A Connecticut man, Gary Gravelle, 51, was indicted on 16 counts of threatening to kill President Trump and various others. He had a history of sending threats and was convicted in 2013 of communicating threats. He was released under ‘Federal supervision’ until his arrest for violating the conditions of his parole. He has been in custody since September, but is now charged with numerous other offenses. Sixteen counts = 140 years if convicted.
Although the letter said it contained a biotoxin, the white powder was found to be harmless. According to court documents, Gravelle sent the letters to the President, a mosque, the NAACP, and a synagogue. He called numerous places and threatened to detonate bombs in Vermont, Washington and Connecticut. One of the threatening calls was to a mental health facility, according to Reuters.
Gravelle was listed as a member of the American Knights of Anarchy, reportedly a white separatist group. He allegedly included a note in the letter to the President that said, “I, Gary Gravelle, … as a faithful soldier of the AKA, am coming to KILL Donald Trump.” (Reported by The Hill).
The US Attorney website stated:
“… a federal grand jury in New Haven returned a 16-count indictment yesterday charging GARY JOSEPH GRAVELLE, also known as Roland Prejean, 51, last residing in New Haven, with threatening to kill, injure and intimidate people and explode property in Connecticut and elsewhere.
As alleged in the indictment, in September 2018, Gravelle used the U.S. mail, e-mail and telephone to threaten to harm people and explode property in Connecticut, Vermont and Washington. Certain letters that Gravelle mailed contained a white powdery substance and statements that the substance was Anthrax, a biological agent and toxin. Gravelle made threats to various mental health providers and facilities in New Haven, U.S. Probation Officers, a U.S. District Court Judge, an international airport in Vermont, a federal prison in Washington, occupants of a building in Old Saybrook, a credit union in Bristol, and organizations and religious centers in Connecticut. He also sent a letter threatening to kill the President of the United States.
Gravelle was arrested on September 8, 2018, for violating the terms of his federal supervised release. He was under federal supervision when he allegedly committed the offenses charged in the indictment, having been convicted and sentenced in 2013 for offenses stemming from his sending threatening communications. He has been detained since his arrest.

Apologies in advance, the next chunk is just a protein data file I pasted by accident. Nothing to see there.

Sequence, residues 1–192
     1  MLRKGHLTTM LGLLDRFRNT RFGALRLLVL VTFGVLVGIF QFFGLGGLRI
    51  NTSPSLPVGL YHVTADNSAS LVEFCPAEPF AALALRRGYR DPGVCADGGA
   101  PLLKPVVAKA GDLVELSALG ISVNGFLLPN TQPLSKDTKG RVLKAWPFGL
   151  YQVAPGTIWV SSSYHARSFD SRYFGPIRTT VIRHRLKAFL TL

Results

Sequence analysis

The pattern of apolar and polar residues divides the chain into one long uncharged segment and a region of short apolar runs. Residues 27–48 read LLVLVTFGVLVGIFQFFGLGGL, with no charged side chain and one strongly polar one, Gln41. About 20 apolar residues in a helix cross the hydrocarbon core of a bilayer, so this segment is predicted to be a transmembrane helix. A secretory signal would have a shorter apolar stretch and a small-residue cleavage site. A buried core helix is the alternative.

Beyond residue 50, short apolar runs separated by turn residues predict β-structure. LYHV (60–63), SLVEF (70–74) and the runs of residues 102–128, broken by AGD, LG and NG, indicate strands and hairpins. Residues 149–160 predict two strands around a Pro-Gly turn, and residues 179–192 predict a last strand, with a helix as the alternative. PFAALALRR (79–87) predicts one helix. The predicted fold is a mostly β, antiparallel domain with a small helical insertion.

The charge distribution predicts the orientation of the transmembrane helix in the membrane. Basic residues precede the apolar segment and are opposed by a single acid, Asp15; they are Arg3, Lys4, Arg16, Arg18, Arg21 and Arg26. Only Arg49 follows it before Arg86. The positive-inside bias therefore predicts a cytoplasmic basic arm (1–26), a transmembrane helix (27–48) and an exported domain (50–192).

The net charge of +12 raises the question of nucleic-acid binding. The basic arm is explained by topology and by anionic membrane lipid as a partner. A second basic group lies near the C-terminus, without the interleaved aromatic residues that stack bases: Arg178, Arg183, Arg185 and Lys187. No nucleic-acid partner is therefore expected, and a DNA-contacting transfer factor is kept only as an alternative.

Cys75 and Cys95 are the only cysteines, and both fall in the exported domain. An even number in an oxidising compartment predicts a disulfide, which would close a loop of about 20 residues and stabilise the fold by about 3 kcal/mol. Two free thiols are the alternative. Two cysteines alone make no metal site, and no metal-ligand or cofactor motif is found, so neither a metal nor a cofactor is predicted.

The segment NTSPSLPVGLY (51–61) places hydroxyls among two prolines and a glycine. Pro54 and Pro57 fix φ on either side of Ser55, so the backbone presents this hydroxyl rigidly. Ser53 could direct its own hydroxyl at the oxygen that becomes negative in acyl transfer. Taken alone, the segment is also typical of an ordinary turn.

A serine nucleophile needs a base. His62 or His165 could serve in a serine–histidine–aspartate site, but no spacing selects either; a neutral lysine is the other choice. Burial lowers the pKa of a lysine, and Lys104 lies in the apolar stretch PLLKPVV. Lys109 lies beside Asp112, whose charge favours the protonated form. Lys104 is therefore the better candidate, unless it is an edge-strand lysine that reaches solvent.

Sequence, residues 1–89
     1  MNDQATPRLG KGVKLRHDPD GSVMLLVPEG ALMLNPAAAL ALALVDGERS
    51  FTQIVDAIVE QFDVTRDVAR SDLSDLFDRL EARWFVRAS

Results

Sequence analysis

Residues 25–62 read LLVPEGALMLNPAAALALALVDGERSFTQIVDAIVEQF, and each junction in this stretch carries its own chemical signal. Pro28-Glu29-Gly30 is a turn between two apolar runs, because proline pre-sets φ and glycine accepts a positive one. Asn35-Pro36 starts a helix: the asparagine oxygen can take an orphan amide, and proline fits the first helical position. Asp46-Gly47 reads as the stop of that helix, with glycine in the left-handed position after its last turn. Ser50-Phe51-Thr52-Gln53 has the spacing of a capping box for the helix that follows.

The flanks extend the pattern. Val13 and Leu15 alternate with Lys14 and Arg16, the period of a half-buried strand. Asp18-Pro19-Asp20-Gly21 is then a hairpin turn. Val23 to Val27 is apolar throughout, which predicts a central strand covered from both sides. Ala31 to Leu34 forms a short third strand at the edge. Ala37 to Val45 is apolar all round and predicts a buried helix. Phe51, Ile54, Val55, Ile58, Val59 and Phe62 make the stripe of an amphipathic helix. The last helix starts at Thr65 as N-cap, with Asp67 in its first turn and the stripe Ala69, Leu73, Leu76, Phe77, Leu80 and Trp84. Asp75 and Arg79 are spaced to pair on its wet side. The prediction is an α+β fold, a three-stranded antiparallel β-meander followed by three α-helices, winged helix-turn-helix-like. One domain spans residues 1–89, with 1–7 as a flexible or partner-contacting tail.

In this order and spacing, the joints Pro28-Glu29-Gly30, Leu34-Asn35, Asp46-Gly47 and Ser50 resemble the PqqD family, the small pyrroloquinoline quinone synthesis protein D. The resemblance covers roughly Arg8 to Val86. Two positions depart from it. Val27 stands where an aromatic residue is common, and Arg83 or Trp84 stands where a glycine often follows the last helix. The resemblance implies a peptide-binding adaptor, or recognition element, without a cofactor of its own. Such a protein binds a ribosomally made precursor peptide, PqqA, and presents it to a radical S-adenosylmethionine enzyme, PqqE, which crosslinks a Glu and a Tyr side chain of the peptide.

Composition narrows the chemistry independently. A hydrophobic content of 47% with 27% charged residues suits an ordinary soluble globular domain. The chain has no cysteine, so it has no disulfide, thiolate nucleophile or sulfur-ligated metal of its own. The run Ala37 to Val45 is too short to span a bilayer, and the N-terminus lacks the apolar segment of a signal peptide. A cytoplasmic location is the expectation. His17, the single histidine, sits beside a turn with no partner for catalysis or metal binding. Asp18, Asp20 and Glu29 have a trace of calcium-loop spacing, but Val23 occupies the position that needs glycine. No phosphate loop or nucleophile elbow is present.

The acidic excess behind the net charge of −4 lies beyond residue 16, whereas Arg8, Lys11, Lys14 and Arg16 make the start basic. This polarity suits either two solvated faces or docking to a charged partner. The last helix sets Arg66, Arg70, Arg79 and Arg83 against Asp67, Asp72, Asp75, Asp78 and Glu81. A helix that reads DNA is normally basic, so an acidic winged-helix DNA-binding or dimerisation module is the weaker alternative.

The indictment charges Gravelle with 12 counts of maliciously conveying false information about an explosive, an offense that carries a maximum term of imprisonment of 10 years on each count; three counts related to the sending of hoax Anthrax letters, and offense that carries a maximum term of imprisonment of five years on each count, and one count of making threats against the President, an offense that carries a maximum term of imprisonment of five years.
There have been numerous attempts to send white powder purported to be toxic to high profile figures. After the anthrax scare following 911, most high profile people have protocols in place so that the envelopes never reach their intended targets. We’ve reported on some of them.
- Parcels Suspected of Containing Ricin Sent to Pentagon
- Left Wing Terrorism?- Envelope of Suspected Ricin Intercepted, Addressed to President Trump
- White Powder Delivered to CAIR Offices
- Vanessa Trump, President’s Daughter in Law, Sent to Hospital over Suspicious Letter with White Powder- Liberals Crack Jokes
Featured photo of Gary Gravelle via Twitter
Gary Gravelle, 51, was indicted on 16 counts, including that he threatened the president in September 2018 by sending an envelope containing white powder and the handwritten message “You Die” Via @Reuters @gabriellaborter https://t.co/00GmurproW— David Thomas Sutton (@DTSutton) May 12, 2019
Authorities say 51-year-old Gary Joseph Gravelle last year sent letters addressed to Trump, the Islamic Center of New London and other places that contained a white powdery substance with messages such as "you die." https://t.co/SToBYt0bT0— WRCB-TV (@WRCB) May 12, 2019
"Authorities say Gary Gravelle, of New Haven, Conn., sent threatening letters containing a powdery white substance Gravelle said was anthrax addressed to Trump and a local Islamic center, among other locations"https://t.co/dORTVWAoYE— ?Bodhi Sattva ?? (@SurfsUpBodhi) May 12, 2019
Featured photo of Gary Gravelle via Twitter